Society has gotten better about attempting to understand suicide and its effect on the survivors. However, the stigma never fully went away. Judgment and flawed perceptions are still out there. As for me, I still hear whispers when I say how she died but, I feel no shame.
We can’t talk about the grieving of suicide survivors without talking about sadness. Sadness that goes so deep it can take you into the darkest pit of a well of emotions. Sadness so strong that it can leave you wishing for the fate of your loved one. It’s funny how the very thing that played a role in the loss of a loved one, can cause you to feel that same hurt and pain. When I could truly understand my mother’s death, it sent me into a depression. It was like I could feel her hurt and pain. As a wife, mother and woman, I could finally understand what she felt. I described her pain in He Said, She Said. I also felt this longing to be with her, to beg for her forgiveness for my shame and anger. For many, these feelings can last for a lifetime. It can even manifest in post-traumatic stress disorder. That is why it is important to express yourself and seek help during this grieving process when necessary. It is also important to know that it’s okay to feel this way.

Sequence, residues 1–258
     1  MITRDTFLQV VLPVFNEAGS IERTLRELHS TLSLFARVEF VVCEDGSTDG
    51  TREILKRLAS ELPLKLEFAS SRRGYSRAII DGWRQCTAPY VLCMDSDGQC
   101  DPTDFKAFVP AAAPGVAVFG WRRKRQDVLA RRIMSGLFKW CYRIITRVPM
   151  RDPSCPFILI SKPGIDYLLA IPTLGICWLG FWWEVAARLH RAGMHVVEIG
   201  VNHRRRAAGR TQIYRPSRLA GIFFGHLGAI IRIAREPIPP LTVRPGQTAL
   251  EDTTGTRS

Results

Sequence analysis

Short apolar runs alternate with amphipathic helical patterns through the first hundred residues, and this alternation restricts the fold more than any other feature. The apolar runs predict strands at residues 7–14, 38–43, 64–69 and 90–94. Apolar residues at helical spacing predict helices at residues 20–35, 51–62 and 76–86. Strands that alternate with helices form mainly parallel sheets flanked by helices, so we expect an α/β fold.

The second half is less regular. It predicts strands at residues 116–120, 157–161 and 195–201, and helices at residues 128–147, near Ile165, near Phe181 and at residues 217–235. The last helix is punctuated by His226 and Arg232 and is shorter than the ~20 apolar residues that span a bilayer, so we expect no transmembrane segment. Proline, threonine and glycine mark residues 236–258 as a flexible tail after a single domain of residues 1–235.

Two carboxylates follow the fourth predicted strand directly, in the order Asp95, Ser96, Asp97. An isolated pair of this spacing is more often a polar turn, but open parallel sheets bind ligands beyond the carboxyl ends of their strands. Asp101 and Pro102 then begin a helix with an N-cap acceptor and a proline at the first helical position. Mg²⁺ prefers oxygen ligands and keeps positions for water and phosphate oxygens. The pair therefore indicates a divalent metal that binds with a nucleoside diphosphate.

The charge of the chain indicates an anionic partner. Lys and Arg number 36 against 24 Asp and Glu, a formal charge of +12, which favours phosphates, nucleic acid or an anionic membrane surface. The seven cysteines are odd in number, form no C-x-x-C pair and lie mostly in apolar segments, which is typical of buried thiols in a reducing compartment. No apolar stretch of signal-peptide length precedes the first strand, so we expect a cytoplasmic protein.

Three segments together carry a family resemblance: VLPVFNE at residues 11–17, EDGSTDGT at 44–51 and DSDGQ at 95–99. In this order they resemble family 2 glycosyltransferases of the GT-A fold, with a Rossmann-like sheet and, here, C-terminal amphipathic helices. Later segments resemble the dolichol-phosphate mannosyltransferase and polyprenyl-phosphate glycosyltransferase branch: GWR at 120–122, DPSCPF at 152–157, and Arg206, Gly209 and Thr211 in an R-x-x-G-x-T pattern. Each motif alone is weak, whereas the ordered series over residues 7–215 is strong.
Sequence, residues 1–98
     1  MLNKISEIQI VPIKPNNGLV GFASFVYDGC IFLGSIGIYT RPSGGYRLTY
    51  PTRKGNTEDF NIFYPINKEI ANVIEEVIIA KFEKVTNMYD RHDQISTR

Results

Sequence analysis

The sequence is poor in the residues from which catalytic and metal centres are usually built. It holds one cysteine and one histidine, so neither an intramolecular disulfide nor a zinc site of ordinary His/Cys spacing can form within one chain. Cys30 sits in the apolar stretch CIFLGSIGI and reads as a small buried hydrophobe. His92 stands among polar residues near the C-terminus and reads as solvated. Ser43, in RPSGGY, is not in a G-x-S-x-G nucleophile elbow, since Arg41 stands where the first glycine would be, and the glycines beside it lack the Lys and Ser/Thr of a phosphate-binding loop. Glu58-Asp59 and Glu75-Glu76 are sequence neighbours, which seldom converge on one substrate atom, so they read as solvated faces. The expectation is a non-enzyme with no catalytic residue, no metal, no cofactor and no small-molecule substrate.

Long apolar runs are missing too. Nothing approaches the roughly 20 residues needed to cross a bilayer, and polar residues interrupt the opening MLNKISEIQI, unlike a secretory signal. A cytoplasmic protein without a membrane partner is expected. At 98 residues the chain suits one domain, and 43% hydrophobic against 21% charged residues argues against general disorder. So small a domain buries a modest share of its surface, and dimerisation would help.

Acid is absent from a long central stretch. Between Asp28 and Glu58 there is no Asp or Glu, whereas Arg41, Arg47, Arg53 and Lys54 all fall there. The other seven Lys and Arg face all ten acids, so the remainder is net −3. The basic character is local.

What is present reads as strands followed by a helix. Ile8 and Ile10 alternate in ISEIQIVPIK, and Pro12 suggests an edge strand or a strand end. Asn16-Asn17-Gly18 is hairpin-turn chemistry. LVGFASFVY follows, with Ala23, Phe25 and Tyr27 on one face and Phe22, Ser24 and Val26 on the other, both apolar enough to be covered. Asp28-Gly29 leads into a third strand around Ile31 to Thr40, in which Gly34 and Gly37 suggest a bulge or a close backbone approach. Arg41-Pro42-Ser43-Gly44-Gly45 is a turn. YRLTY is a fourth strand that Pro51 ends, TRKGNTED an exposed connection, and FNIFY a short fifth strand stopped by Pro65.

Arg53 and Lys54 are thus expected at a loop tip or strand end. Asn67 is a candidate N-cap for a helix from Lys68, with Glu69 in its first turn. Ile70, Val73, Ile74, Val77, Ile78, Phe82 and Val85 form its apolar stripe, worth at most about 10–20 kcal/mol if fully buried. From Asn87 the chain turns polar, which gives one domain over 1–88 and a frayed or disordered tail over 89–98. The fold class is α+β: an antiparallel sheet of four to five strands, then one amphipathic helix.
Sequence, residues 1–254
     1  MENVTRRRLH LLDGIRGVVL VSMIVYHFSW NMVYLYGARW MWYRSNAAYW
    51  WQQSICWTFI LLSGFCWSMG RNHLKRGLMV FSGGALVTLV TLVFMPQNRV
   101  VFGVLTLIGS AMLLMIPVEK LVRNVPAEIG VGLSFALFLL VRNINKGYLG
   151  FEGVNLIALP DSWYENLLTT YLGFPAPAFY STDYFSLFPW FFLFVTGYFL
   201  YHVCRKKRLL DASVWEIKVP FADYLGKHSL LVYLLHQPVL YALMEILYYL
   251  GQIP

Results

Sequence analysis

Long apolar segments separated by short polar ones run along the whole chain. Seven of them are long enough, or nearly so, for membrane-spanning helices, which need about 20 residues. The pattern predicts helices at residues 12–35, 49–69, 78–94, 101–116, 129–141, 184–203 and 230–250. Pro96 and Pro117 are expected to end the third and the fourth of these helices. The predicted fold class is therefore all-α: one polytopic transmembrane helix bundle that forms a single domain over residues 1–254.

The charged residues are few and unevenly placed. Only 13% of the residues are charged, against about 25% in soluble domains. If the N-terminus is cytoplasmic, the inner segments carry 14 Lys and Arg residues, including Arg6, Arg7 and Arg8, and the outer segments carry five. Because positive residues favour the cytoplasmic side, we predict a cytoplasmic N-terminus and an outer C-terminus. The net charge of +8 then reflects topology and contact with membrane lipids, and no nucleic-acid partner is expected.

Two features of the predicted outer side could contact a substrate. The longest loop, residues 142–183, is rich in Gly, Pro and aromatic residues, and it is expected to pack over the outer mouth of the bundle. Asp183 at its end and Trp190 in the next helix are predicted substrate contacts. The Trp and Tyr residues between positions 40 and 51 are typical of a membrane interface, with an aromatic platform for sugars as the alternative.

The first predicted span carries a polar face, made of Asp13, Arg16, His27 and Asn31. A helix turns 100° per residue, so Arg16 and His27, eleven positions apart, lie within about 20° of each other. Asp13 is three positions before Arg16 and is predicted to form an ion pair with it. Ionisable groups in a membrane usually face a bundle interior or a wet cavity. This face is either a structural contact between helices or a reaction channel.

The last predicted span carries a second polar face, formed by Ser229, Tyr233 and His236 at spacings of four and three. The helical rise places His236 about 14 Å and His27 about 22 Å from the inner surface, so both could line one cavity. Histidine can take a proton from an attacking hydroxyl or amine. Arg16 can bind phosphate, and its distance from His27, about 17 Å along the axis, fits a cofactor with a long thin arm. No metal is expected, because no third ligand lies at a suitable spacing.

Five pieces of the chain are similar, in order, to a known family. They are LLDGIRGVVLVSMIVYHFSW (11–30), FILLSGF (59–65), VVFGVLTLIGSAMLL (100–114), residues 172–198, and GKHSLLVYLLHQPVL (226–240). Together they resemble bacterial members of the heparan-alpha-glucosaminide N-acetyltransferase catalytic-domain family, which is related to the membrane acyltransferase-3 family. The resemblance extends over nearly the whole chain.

Your Turn To Reflect
What are some stigmas you have heard in regards to suicide?
Are you a suicide survivor or know someone who is?
Source: Serani Psy. D, D.(2013, November 25). Understanding Survivors Of Suicide Loss. Retrieved from http://www.psychologtoday
The final steps of the g.l.o.w are the fun, grandeur moments. In these moments, everyone around you can see there is something quite different about you. Your aura gives off a beautiful enigma wrapped in a welcoming glow. This is usually the part when one makes a physical change to symbolize the shedding of the old them. So, go ahead and have some fun with it. Cut your hair, dye it, get a tattoo. Just don’t act too impulsively and do something you will regret.
O: Owning Who You Are